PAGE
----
Somatic Mutant Clones Colonize the Human Esophagus With Age

Science. 2018 Nov 23;362(6417):911-917. doi: 10.1126/science.aau3879. Epub 2018 Oct 18.

Abstract

The extent to which cells in normal tissues accumulate mutations throughout life is poorly understood. Some mutant cells expand into clones that can be detected by genome sequencing. We mapped mutant clones in normal esophageal epithelium from nine donors (age range, 20 to 75 years). Somatic mutations accumulated with age and were caused mainly by intrinsic mutational processes. We found strong positive selection of clones carrying mutations in 14 cancer genes, with tens to hundreds of clones per square centimeter. In middle-aged and elderly donors, clones with cancer-associated mutations covered much of the epithelium, with NOTCH1 and TP53 mutations affecting 12 to 80% and 2 to 37% of cells, respectively. Unexpectedly, the prevalence of NOTCH1 mutations in normal esophagus was several times higher than in esophageal cancers. These findings have implications for our understanding of cancer and aging.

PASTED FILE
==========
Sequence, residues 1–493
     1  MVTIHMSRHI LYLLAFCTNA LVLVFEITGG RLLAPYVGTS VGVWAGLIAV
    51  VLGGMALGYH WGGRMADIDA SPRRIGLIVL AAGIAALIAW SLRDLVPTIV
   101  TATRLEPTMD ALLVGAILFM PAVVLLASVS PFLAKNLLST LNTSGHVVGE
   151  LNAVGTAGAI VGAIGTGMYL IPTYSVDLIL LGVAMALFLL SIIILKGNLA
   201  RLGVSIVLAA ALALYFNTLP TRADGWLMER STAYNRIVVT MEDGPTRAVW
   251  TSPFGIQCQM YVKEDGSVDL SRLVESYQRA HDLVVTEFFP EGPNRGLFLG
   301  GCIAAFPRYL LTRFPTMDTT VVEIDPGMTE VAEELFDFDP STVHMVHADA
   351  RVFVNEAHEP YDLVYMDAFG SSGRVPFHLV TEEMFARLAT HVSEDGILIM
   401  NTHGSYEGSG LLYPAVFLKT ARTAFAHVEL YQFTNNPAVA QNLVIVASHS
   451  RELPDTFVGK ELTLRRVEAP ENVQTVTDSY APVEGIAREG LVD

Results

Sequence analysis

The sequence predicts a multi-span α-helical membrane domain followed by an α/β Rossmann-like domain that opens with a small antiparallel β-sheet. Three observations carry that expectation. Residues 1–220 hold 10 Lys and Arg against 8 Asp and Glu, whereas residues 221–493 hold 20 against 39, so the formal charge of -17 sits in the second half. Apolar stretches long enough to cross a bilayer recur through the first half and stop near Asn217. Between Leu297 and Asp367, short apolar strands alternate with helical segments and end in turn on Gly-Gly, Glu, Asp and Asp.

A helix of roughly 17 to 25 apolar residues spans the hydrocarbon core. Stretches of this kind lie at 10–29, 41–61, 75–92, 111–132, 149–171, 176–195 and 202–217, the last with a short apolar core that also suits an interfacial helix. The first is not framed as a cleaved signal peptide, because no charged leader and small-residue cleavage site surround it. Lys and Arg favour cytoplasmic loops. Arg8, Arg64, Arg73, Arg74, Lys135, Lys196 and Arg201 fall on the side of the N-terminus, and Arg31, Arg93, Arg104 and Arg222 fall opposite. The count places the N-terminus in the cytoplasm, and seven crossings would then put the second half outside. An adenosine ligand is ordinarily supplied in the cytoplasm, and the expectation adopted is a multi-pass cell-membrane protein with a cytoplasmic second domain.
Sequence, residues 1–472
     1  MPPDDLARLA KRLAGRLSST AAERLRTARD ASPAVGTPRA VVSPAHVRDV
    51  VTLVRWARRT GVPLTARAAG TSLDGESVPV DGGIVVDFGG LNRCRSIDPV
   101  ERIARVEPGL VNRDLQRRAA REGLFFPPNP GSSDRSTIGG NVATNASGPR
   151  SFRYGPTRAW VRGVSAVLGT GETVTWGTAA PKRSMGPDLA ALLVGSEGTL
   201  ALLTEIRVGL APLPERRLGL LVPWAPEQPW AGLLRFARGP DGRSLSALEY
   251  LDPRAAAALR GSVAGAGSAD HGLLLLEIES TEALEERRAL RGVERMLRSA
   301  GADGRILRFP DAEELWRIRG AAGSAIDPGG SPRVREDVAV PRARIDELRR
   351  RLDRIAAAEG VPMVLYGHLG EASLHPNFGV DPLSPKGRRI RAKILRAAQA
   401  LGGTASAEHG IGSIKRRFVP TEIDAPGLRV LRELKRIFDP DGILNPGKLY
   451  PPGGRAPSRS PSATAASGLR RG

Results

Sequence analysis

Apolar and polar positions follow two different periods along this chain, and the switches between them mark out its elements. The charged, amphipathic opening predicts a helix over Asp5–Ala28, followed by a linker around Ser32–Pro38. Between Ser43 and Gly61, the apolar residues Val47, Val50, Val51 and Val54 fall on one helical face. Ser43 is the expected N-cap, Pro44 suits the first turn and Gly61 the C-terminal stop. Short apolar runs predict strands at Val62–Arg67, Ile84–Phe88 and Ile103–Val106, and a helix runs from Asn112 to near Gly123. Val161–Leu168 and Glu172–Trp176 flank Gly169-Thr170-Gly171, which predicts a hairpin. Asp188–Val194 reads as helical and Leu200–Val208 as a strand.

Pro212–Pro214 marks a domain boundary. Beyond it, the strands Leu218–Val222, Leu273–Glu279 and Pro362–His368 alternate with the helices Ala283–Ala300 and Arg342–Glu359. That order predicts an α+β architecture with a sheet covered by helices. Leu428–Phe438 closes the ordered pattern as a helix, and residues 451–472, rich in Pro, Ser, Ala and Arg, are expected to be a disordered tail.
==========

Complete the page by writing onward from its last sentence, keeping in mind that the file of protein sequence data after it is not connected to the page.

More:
Publication types

  • Research Support, Non-U.S. Gov't

MeSH terms

  • Adult
  • Aged
  • Aging / genetics*
  • Clone Cells / pathology
  • Esophageal Neoplasms / genetics*
  • Esophageal Neoplasms / pathology*
  • Esophagus / pathology*
  • Female
  • Humans
  • Male
  • Middle Aged
  • Mutation
  • Receptor, Notch1 / genetics
  • Selection, Genetic*
  • Tumor Suppressor Protein p53 / genetics
  • Young Adult

Substances

  • NOTCH1 protein, human
  • Receptor, Notch1
  • TP53 protein, human
  • Tumor Suppressor Protein p53